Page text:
Sarah Hulett

Assistant News Director

Sarah Hulett became Michigan Radio's assistant news director in August 2011. For five years she was the station's Detroit reporter, and contributed to several reporting projects that won state and national awards.

Sarah considers Detroit to be a perfect laboratory for great radio stories, because of its energy, its struggles, and its unique place in America's industrial and cultural landscape.

Before coming to Michigan Radio, Sarah spent five years as state Capitol correspondent for Michigan Public Radio. She's a graduate of Michigan State University.

Contact Sarah Hulett at sarah@michiganradio.org.

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transit
12:28 pm
Thu October 13, 2011

Massive cuts coming to Detroit-area bus service

Mysid Wikipedia

Southeast Michigan’s regional bus system is getting ready to make massive cuts to its service.

Declining tax revenues due to drops in property values, fewer federal dollars, and the SMART system’s inability to win concessions from its unions are the reasons behind the cuts.

The system is looking at a 22 percent cut to its service, affecting 30 of its 53 routes.

"Certainly this is a tragedy," said SMART’s Beth Gibbons. "It’s not going to be easy for the thousands of people who depend on our service every day to get to work and to school."

Public hearings on the proposed cuts are scheduled for the first week of November. The changes could take effect as early as December 12.

About 40,000 people a day ride SMART busses.

Courts
12:02 pm
Wed October 12, 2011

Abdulmutallab pleads guilty

Umar Farouk Abdulmutallab

Update 11:53 am

Abdulmutallab's stand-by attorney, Anthony Chambers, says he's "disappointed" with the guilty plea, but said he respects the defendant's wishes.

"Certainly no lawyer worth his weight in salt would recommend a plea to life without parole," Chambers said.

Chamber said he believes Abdulmutallab is misguided and impressionable. He said the young Nigerian will not cooperate with the government.

Asked why he believed Abdulmutallab decided to plead guilty, Chambers said he thinks the statement he read upon entering his guilty plea allowed him to say what he wanted, and avoid a trial. In the statement - which Chambers said Abdulmutallab wrote himself - the defendant said his actions were a reaction to U.S. support of Israel and because of the U.S. killings of Muslims around the world. He called the bomb he carried and tried to detonate on Northwest Airlines Flight 253 a "blessed weapon." He said he was guilty of violating U.S. law, but not the law of the Koran.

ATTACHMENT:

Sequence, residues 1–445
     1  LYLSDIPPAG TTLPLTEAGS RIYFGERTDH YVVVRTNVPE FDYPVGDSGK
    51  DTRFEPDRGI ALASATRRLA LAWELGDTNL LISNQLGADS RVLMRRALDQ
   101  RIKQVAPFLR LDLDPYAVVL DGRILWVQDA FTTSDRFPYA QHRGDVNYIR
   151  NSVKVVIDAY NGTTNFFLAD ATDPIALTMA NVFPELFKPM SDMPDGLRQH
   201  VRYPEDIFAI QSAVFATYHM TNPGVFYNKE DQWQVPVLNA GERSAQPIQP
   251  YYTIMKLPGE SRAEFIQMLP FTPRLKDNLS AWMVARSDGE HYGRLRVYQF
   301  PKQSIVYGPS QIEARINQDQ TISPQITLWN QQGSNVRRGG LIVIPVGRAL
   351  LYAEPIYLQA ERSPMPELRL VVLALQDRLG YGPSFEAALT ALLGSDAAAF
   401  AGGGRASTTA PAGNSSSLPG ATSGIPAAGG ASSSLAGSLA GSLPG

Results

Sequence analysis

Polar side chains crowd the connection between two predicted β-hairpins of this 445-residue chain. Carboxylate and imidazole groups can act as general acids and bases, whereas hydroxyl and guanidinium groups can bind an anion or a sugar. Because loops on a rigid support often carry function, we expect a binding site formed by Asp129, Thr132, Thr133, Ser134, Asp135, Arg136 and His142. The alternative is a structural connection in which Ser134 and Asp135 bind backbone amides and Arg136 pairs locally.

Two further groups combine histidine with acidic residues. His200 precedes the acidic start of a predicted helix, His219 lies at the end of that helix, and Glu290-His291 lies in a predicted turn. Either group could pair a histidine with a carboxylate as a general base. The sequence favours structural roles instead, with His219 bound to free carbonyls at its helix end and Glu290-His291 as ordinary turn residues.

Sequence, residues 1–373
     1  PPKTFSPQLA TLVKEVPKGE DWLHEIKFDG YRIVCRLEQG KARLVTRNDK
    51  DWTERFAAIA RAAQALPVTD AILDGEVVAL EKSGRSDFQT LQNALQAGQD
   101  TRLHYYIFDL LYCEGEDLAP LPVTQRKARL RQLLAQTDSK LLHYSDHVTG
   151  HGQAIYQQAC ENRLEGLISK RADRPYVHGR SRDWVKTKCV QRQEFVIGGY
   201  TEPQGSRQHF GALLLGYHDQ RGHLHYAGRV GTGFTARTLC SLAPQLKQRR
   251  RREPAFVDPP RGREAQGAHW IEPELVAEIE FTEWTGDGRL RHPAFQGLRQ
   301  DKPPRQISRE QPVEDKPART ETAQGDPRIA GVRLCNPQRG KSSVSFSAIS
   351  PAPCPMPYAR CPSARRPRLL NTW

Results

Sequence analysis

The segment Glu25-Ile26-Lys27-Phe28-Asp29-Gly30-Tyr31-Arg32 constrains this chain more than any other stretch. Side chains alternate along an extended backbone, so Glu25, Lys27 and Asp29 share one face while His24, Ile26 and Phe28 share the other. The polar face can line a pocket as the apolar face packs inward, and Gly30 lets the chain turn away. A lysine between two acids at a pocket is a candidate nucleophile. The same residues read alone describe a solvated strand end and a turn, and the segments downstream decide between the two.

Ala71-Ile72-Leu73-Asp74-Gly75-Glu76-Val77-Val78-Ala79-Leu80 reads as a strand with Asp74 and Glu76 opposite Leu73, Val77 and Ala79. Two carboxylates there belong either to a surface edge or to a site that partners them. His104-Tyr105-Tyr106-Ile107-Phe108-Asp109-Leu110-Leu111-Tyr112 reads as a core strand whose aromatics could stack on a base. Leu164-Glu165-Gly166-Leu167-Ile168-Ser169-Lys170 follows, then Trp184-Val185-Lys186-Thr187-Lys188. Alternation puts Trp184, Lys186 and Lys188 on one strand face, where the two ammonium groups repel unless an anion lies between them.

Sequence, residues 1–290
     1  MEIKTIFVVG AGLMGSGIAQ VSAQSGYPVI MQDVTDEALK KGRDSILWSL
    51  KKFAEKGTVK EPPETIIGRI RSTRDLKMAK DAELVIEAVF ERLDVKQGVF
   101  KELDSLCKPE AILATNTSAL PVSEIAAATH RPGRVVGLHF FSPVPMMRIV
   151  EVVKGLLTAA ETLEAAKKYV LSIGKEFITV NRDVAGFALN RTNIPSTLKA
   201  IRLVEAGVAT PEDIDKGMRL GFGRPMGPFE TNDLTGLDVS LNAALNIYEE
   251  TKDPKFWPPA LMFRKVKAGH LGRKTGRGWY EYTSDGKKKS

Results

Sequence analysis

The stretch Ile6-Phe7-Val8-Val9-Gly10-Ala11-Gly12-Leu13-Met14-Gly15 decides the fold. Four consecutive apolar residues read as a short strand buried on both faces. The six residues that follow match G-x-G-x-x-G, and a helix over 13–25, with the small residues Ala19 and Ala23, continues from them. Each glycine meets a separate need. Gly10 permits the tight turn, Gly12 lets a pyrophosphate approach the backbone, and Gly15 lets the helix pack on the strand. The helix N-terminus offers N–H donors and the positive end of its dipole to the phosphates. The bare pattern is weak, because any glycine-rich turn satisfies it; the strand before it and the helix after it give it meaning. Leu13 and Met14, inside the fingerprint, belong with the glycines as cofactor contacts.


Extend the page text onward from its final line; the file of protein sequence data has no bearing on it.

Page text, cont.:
Abdulmutallab faces a mandatory life sentence without the possibility of parole. He will be sentenced January 12.

Update 10:39 a.m.

Umar Farouk Abdulmutallab has pled guilty to all eight charges against him.

From the Detroit News:

He pleaded guilty to eight charges after he returned from a 45-minute recess, ending the most high-profile terrorism case in the United States since the Sept. 11, 2001, terrorist attacks.

U.S. District Judge Nancy Edmunds asked him if he wished to waive his right to a trial and plead guilty.

"That's right," he said.

The guilty plea marksa major victory against terrorism for the Justice Department, which was criticized by some for trying Abdulmutallab in civilian court instead of a military tribunal.

David Ashenfelter of the Detroit Free Press reports that Abdulmutallab faces 30 years to life in prison.

10:19 a.m.

The Detroit News and the Detroit Free Press are reporting that Umar Farouk Abdulmutallab is pleading guilty on charges of trying to blow up a Detroit-bound jetliner on Christmas Day 2009.

The Detroit Free Press is live blogging the trial and reports that the judge is going over the penalties with Abdulmutallab now.

Michigan Radio's Sarah Hulett is on her way to the court and will have an update for us later.

Courts
9:24 pm
Tue October 11, 2011

Prosecutors: Alleged terrorist "thought he would end up in heaven"

U.S. Marshals

Attorneys for the federal government today laid out the road map they’ll use to prosecute the young Nigerian man accused of trying to blow up a Detroit-bound airplane two years ago.

Assistant U.S. Attorney Jonathan Tukel told jurors Umar Farouk Abdulmutallab’s sole reason for being on Northwest Airlines Flight 253 on Christmas Day 2009 was to blow it up. Tukel said Abdulmutallab “thought he would end up in heaven because he would be a martyr.”

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courts
5:00 am
Mon October 10, 2011

Federal terrorism trial set to start in Detroit

A high-profile federal terrorism trial starts in Detroit tomorrow. A jury will decide whether a 24-year-old Nigerian man tried to detonate a bomb on a Detroit-bound flight two years ago.

Umar Farouk Abdulmutallab will not deliver the opening statement. He’s decided to leave that to the stand-by counsel appointed to him by the court.

That same attorney has handled most of the court proceedings so far. Anthony Chambers questioned all but one juror for the defense during jury selection.